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Flu Spread Follows Finances

A theoretical physicist uses dollars to track bird flu.

By Lindsay Carswell
Apr 21, 2006 5:00 AMNov 12, 2019 4:10 AM


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The U.S. government is gearing up for the potential arrival of bird flu as concerns grow that it could soon show up on U.S. shores with migrating birds. Meanwhile researchers are learning how infectious diseases, such as a human form of bird flu, might spread by studying how money migrates.

Thanks to the website www.wheresgeorge.com¾ which traces the travels of money around the country and around the world ¾ University of California, Santa Barbara researcher Lars Hufnagel has developed a model of how infectious diseases spread locally, from person to person, as well as from city to city.

"We've quantified how humans move around within the country, so we can combine it with this local infection dynamics and then generate predictions how an infection will, will spread within the United States," says Hufnagel, a post-doctoral fellow at the Kavli Institute for Theoritcal Physics at UCSB.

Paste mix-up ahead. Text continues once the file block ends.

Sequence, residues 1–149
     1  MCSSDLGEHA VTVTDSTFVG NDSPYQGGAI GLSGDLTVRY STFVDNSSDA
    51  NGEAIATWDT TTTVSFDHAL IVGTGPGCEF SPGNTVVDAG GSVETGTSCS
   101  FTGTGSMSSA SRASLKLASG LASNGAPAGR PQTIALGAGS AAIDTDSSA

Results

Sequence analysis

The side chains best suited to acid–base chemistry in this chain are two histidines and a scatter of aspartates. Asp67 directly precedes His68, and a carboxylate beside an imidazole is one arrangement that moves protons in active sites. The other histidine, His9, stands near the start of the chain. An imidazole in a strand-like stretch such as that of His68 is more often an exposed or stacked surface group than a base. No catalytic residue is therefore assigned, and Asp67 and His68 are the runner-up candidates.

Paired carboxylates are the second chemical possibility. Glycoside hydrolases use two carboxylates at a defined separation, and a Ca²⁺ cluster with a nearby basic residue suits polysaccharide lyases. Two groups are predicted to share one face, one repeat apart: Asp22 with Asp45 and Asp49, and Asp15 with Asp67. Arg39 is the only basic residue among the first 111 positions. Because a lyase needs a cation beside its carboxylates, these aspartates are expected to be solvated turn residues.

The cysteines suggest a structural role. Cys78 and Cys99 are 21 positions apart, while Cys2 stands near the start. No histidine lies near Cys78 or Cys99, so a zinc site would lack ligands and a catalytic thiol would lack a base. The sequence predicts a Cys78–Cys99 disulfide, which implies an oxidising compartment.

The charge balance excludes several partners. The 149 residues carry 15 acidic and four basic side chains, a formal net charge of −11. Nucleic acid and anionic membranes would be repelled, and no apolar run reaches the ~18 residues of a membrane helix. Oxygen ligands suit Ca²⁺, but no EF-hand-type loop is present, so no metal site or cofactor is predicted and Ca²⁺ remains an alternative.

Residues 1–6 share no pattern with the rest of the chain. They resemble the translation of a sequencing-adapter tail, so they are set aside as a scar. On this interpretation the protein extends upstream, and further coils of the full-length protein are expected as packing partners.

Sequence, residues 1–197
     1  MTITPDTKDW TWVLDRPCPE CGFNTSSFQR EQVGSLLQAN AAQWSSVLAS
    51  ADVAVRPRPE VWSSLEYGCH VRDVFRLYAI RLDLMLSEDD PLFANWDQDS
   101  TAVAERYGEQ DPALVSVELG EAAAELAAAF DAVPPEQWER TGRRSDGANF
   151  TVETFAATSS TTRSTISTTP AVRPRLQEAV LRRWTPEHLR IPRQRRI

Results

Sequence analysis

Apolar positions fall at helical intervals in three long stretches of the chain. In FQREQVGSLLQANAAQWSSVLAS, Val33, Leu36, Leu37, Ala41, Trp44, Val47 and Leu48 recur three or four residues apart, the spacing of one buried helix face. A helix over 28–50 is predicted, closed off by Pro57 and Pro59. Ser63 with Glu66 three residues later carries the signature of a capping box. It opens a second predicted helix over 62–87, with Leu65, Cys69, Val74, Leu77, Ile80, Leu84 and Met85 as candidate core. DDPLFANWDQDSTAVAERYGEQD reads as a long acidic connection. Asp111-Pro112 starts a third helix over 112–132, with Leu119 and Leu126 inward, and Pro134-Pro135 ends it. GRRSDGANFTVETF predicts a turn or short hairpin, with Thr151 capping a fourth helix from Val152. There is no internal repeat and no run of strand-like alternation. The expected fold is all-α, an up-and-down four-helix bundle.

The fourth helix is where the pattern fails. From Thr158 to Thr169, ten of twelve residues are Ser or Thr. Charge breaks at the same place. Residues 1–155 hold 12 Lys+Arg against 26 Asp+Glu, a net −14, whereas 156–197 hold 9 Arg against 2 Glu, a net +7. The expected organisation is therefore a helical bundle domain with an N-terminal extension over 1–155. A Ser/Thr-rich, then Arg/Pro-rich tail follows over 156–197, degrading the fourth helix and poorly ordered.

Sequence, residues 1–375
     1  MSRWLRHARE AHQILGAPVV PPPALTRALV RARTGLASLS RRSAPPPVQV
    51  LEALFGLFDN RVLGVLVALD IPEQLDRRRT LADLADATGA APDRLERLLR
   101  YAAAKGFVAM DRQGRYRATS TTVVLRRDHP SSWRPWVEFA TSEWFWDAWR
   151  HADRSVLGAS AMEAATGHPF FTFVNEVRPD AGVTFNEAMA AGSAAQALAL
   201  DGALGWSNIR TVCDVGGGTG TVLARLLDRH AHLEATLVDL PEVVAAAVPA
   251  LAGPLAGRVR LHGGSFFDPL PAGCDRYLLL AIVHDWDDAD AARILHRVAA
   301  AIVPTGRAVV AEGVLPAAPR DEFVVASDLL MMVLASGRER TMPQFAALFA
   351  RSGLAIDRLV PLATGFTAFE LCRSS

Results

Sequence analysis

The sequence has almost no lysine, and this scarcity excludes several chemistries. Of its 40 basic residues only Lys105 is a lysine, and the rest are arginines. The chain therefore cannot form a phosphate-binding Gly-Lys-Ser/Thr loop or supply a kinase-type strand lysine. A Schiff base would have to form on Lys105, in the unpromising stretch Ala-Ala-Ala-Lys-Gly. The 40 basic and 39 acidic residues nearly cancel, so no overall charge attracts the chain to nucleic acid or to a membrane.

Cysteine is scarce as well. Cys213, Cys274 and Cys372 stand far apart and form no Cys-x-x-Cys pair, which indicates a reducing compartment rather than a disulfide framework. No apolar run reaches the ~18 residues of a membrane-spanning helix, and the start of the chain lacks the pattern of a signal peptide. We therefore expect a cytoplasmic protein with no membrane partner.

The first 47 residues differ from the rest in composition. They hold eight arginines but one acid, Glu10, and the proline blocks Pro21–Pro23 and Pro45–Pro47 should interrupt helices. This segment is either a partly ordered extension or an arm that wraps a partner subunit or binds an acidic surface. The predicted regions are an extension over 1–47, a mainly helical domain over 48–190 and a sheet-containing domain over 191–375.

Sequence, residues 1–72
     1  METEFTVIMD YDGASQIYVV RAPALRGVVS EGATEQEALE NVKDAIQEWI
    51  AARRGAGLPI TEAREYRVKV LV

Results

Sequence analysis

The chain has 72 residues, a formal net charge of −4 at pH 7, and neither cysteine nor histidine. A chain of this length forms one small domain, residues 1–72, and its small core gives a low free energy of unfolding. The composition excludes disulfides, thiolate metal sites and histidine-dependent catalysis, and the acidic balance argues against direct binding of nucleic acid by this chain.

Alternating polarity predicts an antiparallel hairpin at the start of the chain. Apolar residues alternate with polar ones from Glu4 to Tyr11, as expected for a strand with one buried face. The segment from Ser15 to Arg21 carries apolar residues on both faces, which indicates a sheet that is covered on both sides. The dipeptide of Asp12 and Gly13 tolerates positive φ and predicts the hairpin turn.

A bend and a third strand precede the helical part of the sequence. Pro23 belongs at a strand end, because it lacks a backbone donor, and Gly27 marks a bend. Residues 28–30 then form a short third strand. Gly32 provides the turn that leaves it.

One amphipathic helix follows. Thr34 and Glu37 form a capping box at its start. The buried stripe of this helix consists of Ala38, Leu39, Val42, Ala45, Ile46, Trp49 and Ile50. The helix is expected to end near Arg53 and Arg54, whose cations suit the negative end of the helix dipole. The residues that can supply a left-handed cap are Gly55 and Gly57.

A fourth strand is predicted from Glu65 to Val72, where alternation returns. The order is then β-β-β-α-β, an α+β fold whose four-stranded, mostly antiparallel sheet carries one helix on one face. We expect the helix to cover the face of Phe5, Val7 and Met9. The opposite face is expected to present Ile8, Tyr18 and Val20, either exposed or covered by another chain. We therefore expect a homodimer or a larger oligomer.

Hufnagel and his colleagues first started studying the spread of disease in order to try to understand how the SARS epidemic spread in 2000. "The worldwide aviation network is sufficient to explain how SARS spread around the world," he explains. "But it was also clear that if you want to model how epidemics spread on a smaller scale, that you need to incorporate other means of transport, like people driving by car or by bus and train."

Diseases, like money, are transported from place to place by people.

"So we analyzed roughly half a million dollar bills ¾ how they move around the United States," he says.

As reported in the journal "Nature," the researchers found they could describe people's movements using simple math.

"Human travel within the United States can be described by very simple mathematical laws and these laws do not depend on if you live in a small or large city. So they're universal within the United States."

Hufnagel says that his model may not apply to all infectious diseases, but he hopes that it will help public health officials come up with measures to stop the spread of an epidemic in the U.S. and around the globe. The government's proposed response plan assumes a worst-case scenario where as many as 90 million people in the U.S. would become sick.

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